Newsom Aims Latest, Greatest Fuck You At Public Defender
UPDATE 2:27 p.m. Tuesday: Mayoral spokesman Tony Winnicker reminded us that the union contracts in question were written months ago, well before Public Defender Jeff Adachi’s ballot measure was written. While the effect is the same, the MOUs — which roll back any wage concessions if future state or local laws affect employee wages or benefits — were not written with SF Smart Reform in mind.
Mayor Gavin Newsom is no stranger to the “don’t get mad, get even” adage, but his latest act of revenge may go well beyond getting even and would in fact put him well in the lead, if one were to keep score.
The mayor has made it clear he is no fan of Public Defender Jeff Adachi’s pension reform ballot measure. But now, it appears Newsom has quietly taken a big step towards sabotaging Smart Reform SF, before even the Department of Elections has had a chance to see if it has qualified for the November ballot.
Hidden in the contracts between the city and the unions representing the city’s police officers and firefighters is a clause that would cancel all givebacks to the city made by those unions — including an eight percent giveback from firefighters — if Adachi’s pension reform measure or any other state or local law affecting employee benefits is passed.
Such a provision could make it untenable for anyone to support Adachi’s pension reform measure — and would indeed make it that much easier to campaign against it — as it would unbalance the budget.
In a letter addressed to city leaders Monday, Adachi laid out his case as follows:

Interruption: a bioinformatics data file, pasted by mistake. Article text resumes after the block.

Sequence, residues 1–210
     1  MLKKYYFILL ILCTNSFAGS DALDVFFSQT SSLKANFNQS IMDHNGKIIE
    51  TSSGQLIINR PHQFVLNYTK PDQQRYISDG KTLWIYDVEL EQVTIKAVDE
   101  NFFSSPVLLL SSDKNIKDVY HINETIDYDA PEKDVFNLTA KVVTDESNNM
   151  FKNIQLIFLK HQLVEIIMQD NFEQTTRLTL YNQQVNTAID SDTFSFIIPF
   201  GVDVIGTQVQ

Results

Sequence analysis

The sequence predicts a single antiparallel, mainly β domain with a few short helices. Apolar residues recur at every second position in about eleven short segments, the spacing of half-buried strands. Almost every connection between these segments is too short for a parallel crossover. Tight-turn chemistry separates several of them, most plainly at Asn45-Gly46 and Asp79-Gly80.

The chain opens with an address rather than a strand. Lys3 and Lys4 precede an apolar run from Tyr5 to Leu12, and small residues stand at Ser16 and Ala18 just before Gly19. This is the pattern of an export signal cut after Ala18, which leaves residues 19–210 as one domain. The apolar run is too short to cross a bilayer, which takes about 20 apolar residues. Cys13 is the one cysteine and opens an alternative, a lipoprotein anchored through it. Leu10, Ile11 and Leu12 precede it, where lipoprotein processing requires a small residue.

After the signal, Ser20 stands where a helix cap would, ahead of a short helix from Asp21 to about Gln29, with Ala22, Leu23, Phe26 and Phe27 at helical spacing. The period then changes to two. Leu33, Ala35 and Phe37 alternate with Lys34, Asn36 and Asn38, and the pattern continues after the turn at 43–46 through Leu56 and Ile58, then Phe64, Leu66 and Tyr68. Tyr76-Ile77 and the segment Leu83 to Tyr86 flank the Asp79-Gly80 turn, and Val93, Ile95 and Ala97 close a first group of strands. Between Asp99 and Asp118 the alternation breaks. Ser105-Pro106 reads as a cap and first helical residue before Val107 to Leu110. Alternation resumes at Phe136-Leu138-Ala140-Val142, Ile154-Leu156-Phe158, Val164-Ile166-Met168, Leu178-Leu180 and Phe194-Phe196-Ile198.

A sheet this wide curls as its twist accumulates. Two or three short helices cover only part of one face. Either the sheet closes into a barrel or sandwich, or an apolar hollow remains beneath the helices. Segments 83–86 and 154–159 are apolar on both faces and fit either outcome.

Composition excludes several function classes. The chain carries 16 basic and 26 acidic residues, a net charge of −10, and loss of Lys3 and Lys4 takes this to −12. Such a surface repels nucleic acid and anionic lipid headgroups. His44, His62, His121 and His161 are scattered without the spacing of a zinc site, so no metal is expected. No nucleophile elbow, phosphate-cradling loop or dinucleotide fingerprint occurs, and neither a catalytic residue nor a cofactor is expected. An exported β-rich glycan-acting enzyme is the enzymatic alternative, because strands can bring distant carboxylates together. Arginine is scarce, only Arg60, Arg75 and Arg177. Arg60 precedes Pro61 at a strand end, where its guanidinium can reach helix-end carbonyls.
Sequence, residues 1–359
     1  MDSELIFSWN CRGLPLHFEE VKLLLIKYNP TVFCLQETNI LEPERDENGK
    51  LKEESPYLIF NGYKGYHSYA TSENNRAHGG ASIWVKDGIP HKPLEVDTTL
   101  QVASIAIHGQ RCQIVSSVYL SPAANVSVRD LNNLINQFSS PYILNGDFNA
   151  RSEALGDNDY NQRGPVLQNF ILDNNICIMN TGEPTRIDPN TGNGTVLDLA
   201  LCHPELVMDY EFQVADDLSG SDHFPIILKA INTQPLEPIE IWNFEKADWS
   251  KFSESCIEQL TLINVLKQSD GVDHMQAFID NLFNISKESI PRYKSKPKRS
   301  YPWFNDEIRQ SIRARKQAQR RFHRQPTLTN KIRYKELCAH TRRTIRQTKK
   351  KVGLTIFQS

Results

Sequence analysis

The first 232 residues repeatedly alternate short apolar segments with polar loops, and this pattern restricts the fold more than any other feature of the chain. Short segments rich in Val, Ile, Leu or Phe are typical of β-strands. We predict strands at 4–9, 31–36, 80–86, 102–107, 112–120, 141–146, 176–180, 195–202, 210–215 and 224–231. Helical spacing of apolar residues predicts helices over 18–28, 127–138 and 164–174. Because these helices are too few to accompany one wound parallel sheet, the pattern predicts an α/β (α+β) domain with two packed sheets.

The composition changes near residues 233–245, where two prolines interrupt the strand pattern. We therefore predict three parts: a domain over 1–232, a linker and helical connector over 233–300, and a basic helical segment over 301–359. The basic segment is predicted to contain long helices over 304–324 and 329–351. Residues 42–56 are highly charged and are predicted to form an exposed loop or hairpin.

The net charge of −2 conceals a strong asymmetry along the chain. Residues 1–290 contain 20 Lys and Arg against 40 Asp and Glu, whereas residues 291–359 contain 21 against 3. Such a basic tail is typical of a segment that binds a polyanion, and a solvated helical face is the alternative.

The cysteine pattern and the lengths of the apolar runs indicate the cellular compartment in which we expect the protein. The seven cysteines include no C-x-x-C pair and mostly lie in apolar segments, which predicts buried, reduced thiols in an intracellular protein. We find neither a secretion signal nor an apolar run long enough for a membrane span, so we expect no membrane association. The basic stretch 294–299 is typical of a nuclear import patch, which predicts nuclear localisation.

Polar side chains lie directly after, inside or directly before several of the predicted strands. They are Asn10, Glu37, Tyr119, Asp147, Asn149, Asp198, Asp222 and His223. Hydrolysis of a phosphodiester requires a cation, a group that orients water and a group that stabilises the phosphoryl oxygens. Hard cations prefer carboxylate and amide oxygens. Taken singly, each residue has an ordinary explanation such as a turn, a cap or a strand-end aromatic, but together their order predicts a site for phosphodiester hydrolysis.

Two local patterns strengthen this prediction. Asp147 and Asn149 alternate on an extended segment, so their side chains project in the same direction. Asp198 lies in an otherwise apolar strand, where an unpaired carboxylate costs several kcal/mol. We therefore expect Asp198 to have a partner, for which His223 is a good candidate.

Clause 188(b) of the proposed new Police Union contract reads: “In the event that a City Charter amendment or State Ballot measure or State legislation is implemented [before June 30, 2012], resulting in any reduction in represented employee wages or fringe benefits, the [new wage concessions] shall terminate.”
“The Firefighter contract has similar language,” Adachi wrote. “These Clauses allow the police and fire to terminate their salary concessions in the event that any law passes that would reduce their salaries. No other unions received such a clause in their contracts. This provision was included to exclusively protect police and fire from actions by voters or lawmakers. There is no reason to give Police and Fire favored standing over other city employees.”
While the union contracts were altered with knowledge and cooperation of Newsom, mayoral spokesman Tony Winnicker dismissed Adachi’s complaints on Monday. “We’re not buying in to Jeff Adachi’s characterization of the union agreements,” Winnicker told The Appeal. “He’s not part of the discussion.”
The union contracts are set to be ratified by the Board of Supervisors today; should the police and fire union contracts be rejected by the Board, they would have to be renegotiated in order for the city to have a balanced budget. That may prove difficult to do, but not impossible. Fiscal conservative and mayoral ally Supervisor Sean Elsbernd said mid-Monday he’s not yet sure what he’ll do when voting time rolls around today; Supervisor John Avalos, chairman of the Budget and Finance Committee, was more prolix.
“[The new language] is a crass poison pill… which makes it that much more difficult to balance the budget,” Avalos told The Appeal on Monday. “[Public safety employees] do important work and they put their lives on the line, but when it comes to their MOU, it appears they’re putting their wages and benefits ahead of the good of the city.”